Over the past 12 years, the mountain pine-beetle epidemic in B.C. has prompted a series of action plans, action coalitions, task forces, investment strategies and emergency response teams. In the time it has taken to destroy more than half of the province’s commercially valuable pine timber, the beetle has also consumed more than $1-billion in government funds.
Now, as the community of Houston, in the province’s northern Interior, grapples with the closing of the town’s lumber mill, the mayor says his community is unprepared for its post-beetle future. “A lot of money was spent on action plans,” Mayor Bill Holmberg said in an interview Monday. “We haven’t really seen the rubber hit the road.”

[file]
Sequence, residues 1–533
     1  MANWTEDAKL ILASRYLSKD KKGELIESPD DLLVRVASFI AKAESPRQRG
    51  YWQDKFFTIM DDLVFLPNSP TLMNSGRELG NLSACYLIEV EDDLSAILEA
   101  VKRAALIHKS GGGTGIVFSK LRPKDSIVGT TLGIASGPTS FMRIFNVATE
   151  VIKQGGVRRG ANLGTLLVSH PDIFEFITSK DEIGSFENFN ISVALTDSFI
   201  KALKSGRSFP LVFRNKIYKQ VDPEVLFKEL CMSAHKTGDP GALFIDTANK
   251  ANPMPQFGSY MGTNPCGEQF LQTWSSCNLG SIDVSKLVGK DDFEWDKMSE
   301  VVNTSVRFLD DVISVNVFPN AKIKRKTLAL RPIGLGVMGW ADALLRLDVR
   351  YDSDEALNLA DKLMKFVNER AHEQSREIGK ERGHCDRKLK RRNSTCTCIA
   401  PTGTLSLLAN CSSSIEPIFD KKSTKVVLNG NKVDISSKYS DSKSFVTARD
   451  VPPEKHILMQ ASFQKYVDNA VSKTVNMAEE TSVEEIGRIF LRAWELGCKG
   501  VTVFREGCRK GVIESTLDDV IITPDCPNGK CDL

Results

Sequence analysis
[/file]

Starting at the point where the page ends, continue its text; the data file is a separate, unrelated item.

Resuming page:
The money has gone to airport expansions, highway repaving, bio-energy research projects and what critics say is routine reforestation. A trio of community-based Beetle Action Coalitions handed out provincial grant money. The Anahim Lake Airport got $515,000 to build a terminal. The village of McBridge received $52,000 to develop and promote walking trails. In Houston, there was $10,050 for a “geo-exchange energy-system monitoring plan.”